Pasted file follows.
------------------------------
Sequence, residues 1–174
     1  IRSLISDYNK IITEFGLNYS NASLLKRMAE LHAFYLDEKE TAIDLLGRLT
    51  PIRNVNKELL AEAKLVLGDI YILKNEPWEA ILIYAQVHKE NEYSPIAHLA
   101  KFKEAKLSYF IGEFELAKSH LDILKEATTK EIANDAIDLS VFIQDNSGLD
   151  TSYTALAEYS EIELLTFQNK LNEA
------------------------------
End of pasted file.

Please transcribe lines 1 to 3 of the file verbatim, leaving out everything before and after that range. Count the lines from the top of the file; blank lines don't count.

Sequence, residues 1–174
     1  IRSLISDYNK IITEFGLNYS NASLLKRMAE LHAFYLDEKE TAIDLLGRLT
    51  PIRNVNKELL AEAKLVLGDI YILKNEPWEA ILIYAQVHKE NEYSPIAHLA